Artistic organizations join forces for the Juneteenth project
To celebrate June 15, local arts organizations will come together for Murals / Art / Activism, a multimedia project highlighting the importance of public art in activism.
Juneteenth is the oldest national celebration commemorating the end of slavery in the United States. The party has gained more and more recognition in recent years, with events being held across the country.
Murals / Art / Activism begins June 15, with two documentary films available to stream free for four days via the Watsonville Film Festival (WFF) website. Later in the week, festival organizers will host a Zoom event with filmmakers and artists.
Finally, the WFF and the Santa Cruz Art and History Museum (MAH) will be hosting an in-person pop-up event at City Plaza in downtown Watsonville.
Pajaro Valley Arts, UCSC’s Everett program and the Santa Cruz Art League are also involved in the project.
“We are very happy to present this program,” said WFF Executive Director Consuelo Alba. “It was a very organic process, the way we all came together to present this. “
Alba said the WFF had previously been in conversation with the Everett program and was actively working with Calavera Media, who produced the short film “Painter of Dreams”.
Meanwhile, MAH was contacted by Oakland filmmaker Spencer Wilkinson, who was looking to screen his film, “Alice Street” as part of a grassroots impact tour funded by the California Arts Council and the San Foundation. Francisco.
All these projects collided to create Murals / Art / Activism.
“Before the pandemic… artists were sort of isolated,” said “Painter of Dreams” director Gabriel Medina. “We all wanted to make the best program possible. But now people are starting to work together. We’re on the same page, seeing that it’s more powerful than going it alone.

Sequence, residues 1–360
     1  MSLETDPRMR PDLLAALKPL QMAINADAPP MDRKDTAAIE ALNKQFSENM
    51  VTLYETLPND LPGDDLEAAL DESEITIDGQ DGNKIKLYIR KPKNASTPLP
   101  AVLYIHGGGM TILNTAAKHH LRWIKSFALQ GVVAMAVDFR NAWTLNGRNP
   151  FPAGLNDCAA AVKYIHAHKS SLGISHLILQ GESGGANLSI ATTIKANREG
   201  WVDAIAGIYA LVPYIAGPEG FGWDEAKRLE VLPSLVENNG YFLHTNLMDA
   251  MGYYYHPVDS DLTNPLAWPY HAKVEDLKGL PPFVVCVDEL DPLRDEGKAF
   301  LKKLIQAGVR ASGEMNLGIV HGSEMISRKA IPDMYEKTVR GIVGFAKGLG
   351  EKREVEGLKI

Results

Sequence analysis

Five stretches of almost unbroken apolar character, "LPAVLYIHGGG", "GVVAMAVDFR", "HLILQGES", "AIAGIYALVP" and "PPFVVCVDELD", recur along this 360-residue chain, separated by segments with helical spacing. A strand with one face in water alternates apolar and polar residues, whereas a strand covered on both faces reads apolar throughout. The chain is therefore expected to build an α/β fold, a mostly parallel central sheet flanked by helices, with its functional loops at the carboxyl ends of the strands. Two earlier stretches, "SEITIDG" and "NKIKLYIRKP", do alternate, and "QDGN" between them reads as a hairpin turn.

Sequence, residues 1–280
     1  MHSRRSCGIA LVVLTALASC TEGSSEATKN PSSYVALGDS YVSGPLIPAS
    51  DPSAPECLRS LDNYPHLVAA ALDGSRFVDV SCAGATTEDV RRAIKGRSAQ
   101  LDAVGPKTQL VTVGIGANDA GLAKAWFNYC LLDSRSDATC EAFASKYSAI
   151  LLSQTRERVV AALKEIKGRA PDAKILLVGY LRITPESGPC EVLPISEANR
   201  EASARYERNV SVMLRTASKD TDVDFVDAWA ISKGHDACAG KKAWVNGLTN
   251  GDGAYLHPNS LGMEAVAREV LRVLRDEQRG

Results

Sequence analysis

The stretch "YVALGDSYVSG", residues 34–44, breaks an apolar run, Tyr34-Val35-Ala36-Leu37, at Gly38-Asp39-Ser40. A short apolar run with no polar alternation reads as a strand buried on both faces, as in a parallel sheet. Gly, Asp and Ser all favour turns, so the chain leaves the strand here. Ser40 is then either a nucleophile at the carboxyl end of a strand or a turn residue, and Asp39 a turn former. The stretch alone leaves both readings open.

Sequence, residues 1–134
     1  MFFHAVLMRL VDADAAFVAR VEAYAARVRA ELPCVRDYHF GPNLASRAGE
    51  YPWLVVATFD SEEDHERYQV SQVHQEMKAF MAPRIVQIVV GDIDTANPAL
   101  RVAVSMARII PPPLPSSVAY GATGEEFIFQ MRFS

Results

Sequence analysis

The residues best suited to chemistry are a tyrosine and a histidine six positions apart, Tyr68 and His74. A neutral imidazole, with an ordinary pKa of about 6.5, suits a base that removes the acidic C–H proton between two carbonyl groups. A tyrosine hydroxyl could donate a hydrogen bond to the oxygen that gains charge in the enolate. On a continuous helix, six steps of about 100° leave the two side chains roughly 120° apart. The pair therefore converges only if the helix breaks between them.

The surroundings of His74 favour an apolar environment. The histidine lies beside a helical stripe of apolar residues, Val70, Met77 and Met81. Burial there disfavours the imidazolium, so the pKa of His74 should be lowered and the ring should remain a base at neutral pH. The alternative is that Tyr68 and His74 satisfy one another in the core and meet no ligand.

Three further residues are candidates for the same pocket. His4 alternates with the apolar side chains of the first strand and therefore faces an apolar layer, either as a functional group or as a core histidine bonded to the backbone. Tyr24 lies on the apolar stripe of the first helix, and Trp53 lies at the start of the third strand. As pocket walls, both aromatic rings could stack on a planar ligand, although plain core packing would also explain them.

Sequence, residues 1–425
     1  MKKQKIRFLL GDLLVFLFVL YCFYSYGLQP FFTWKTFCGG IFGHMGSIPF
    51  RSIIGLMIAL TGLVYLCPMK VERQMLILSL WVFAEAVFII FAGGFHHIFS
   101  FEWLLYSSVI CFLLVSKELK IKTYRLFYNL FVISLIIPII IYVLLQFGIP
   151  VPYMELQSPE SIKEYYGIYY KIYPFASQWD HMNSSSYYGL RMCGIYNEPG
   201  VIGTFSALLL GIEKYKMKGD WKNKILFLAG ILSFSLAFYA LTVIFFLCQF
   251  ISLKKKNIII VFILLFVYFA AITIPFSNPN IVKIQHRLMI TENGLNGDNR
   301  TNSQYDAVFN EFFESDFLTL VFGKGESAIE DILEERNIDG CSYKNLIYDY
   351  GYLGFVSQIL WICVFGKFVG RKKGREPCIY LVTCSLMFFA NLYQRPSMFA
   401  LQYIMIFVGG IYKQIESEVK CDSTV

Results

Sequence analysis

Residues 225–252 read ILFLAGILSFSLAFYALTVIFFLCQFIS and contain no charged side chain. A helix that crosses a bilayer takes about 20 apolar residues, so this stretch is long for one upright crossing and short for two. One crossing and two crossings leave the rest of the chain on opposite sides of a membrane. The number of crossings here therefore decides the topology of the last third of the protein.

“Painter of Dreams” follows the story of Watsonville muralist Yermo Aranda and his relationship to the mural he created in the Watsonville High School (WHS) cafeteria. Originally painted in 1991 with the help of students, the work was mistakenly repainted in 2019, sparking outrage in the community.
Playtime, painted by Aranda, his alumni and current WHS students, was unveiled earlier this year.
“The film… focuses on Yermo and the difficulties he encountered in trying to bring art to the community,” said Medina. “We want to bring its story to an audience that may have heard of it, but don’t know exactly what it is.”
“Painter of Dreams” is Medina’s first director for a film of this type. He said he was “honored” to tell Aranda’s story.
“Yermo is widely known, many artists could have done it,” he said. “I’m so glad he gave us the task of documenting this experience.
“Alice Street”Follows two artists who create a mural in an Oakland neighborhood. The diverse intersection, near the city’s Chinatown and the Malonga Casquelourd Center for the Arts, was changing dramatically, due to what residents called gentrification. After struggling to get the mural painted, residents were then faced with the development of a luxury condominium that allegedly obscured the mural from view.
“I was deeply touched by their story,” said Wilkinson. “They had to fight, fight for a place at the developer table… They showed how a community can resist gentrification. It was a roller coaster ride to watch and document.
Wilkinson said that when he contacted the MAH, they recognized the connection between his films and those of Medina, and connected them to the WFF.
“It is a huge honor that [WFF] is interested in this story, ”he said. “It’s honestly a dream come true.”
Medina and Painter of Dreams co-director Marcus Cisneros will join Aranda and Wilkinson on June 17th at 6pm for a virtual discussion and Q&A. The pop-up event will take place on June 18 from 4 p.m. to 6 p.m. at City Plaza. The artists will talk and discuss their work with the community.
“The WFF is delighted to be working with all of these wonderful organizations, filmmakers and artists to present this film program and create a space to discuss the importance of murals and the arts,” said Alba. “It is vital that we step up our support for the arts. As we recover from the pandemic, we need connection, creativity and well-being for everyone. “